Start with any whole number N, write N as a multiple of 10 plus a remainder R and produce a new whole number N'. Repeat. What happens?
Powers of numbers behave in surprising ways. Take a look at some of
these and try to explain why they are true.
How many pairs of numbers can you find that add up to a multiple of
11? Do you notice anything interesting about your results?
Can you rearrange the cards to make a series of correct
Can you visualise whether these nets fold up into 3D shapes? Watch the videos each time to see if you were correct.
What is the area of the quadrilateral APOQ? Working on the building
blocks will give you some insights that may help you to work it
L triominoes can fit together to make larger versions of
themselves. Is every size possible to make in this way?
Imagine we have four bags containing numbers from a sequence. What numbers can we make now?
Advent Calendar 2011 - a mathematical activity for each day during the run-up to Christmas.
Try to solve this very difficult problem and then study our two suggested solutions. How would you use your knowledge to try to solve variants on the original problem?
Imagine we have four bags containing a large number of 1s, 4s, 7s and 10s. What numbers can we make?
You have twelve weights, one of which is different from the rest.
Using just 3 weighings, can you identify which weight is the odd
one out, and whether it is heavier or lighter than the rest?
An iterative method for finding the value of the Golden Ratio with explanations of how this involves the ratios of Fibonacci numbers and continued fractions.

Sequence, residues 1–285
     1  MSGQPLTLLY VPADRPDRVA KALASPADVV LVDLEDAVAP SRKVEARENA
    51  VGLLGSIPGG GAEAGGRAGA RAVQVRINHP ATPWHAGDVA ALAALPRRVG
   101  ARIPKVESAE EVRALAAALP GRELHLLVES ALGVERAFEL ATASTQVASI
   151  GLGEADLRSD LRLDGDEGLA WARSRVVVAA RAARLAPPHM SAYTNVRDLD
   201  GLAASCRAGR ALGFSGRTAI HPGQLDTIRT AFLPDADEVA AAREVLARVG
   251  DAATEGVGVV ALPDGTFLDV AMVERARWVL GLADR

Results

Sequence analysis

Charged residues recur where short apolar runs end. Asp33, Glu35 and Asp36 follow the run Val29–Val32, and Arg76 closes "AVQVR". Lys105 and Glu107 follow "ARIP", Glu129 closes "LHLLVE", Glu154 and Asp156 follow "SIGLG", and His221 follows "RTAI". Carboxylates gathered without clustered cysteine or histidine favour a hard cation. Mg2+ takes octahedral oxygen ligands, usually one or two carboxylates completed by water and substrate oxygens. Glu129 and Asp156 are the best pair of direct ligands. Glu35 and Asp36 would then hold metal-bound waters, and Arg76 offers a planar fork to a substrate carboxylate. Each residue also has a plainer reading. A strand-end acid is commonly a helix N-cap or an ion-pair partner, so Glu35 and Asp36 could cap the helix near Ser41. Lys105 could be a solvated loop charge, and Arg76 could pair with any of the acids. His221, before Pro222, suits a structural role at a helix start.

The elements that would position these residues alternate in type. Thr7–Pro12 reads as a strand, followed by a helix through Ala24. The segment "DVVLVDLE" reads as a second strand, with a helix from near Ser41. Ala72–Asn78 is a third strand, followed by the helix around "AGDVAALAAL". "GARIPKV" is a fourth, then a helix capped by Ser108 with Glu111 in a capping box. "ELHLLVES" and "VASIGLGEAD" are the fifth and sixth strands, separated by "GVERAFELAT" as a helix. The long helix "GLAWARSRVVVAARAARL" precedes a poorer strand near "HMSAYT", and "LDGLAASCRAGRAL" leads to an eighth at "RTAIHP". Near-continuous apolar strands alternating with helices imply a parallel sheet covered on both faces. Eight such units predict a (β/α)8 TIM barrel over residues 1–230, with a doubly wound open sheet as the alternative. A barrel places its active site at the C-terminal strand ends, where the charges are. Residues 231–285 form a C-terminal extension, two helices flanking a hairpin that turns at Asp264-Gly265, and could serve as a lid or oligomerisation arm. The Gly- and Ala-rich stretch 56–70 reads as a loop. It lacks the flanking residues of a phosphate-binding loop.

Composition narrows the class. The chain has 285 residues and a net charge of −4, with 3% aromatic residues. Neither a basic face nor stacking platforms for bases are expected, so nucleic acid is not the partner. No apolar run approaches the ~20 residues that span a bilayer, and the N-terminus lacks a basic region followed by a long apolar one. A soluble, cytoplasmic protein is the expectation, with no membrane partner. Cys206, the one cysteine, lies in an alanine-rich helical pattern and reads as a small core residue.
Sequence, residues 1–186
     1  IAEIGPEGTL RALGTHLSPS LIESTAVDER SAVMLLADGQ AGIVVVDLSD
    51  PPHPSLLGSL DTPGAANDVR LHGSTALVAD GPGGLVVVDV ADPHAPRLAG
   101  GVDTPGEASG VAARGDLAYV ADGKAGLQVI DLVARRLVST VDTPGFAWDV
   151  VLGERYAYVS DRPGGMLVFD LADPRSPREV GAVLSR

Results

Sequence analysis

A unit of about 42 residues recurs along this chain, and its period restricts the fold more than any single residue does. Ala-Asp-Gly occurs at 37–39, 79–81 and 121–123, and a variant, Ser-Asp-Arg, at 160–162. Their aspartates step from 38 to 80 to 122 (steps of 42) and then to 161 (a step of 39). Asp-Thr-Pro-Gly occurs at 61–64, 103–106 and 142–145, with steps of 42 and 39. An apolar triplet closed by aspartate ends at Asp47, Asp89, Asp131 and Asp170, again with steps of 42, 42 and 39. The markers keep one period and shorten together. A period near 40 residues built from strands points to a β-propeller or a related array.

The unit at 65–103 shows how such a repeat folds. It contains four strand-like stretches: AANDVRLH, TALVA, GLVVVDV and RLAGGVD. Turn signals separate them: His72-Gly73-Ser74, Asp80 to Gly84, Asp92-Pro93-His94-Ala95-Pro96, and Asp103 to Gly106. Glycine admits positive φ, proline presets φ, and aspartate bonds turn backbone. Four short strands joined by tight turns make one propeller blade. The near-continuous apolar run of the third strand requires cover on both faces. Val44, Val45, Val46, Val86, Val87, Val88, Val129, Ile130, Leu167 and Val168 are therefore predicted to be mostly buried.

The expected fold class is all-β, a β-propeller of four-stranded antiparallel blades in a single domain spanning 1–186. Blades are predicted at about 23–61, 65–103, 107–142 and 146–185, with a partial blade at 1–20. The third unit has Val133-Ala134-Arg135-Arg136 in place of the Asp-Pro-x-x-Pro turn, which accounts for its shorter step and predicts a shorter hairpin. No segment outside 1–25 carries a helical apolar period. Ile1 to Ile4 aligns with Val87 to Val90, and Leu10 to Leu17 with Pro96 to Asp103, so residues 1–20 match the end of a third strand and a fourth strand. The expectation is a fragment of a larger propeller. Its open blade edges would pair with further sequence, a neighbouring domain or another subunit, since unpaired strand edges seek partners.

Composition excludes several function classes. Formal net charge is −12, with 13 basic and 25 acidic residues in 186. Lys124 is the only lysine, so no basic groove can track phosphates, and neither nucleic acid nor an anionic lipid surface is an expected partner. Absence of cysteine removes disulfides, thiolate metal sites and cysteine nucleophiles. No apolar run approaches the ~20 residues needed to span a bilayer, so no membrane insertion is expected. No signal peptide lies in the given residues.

An article which gives an account of some properties of magic squares.
This article discusses how every Pythagorean triple (a, b, c) can be illustrated by a square and an L shape within another square. You are invited to find some triples for yourself.
Some puzzles requiring no knowledge of knot theory, just a careful
inspection of the patterns. A glimpse of the classification of
knots and a little about prime knots, crossing numbers and. . . .
The final of five articles which containe the proof of why the sequence introduced in article IV either reaches the fixed point 0 or the sequence enters a repeating cycle of four values.
In this 7-sandwich: 7 1 3 1 6 4 3 5 7 2 4 6 2 5 there are 7 numbers between the 7s, 6 between the 6s etc. The article shows which values of n can make n-sandwiches and which cannot.
Imagine two identical cylindrical pipes meeting at right angles and think about the shape of the space which belongs to both pipes. Early Chinese mathematicians call this shape the mouhefanggai.
Eulerian and Hamiltonian circuits are defined with some simple examples and a couple of puzzles to illustrate Hamiltonian circuits.
Take any two numbers between 0 and 1. Prove that the sum of the
numbers is always less than one plus their product?
Prove that, given any three parallel lines, an equilateral triangle
always exists with one vertex on each of the three lines.
A serious but easily readable discussion of proof in mathematics with some amusing stories and some interesting examples.
Prove that if a^2+b^2 is a multiple of 3 then both a and b are multiples of 3.
Take any whole number q. Calculate q^2 - 1. Factorize
q^2-1 to give two factors a and b (not necessarily q+1 and q-1). Put c = a + b + 2q . Then you will find that ab+1 , bc+1 and ca+1 are all. . . .
Which of these roads will satisfy a Munchkin builder?
A connected graph is a graph in which we can get from any vertex to
any other by travelling along the edges. A tree is a connected
graph with no closed circuits (or loops. Prove that every tree. . . .
Find some triples of whole numbers a, b and c such that a^2 + b^2 + c^2 is a multiple of 4. Is it necessarily the case that a, b and c must all be even? If so, can you explain why?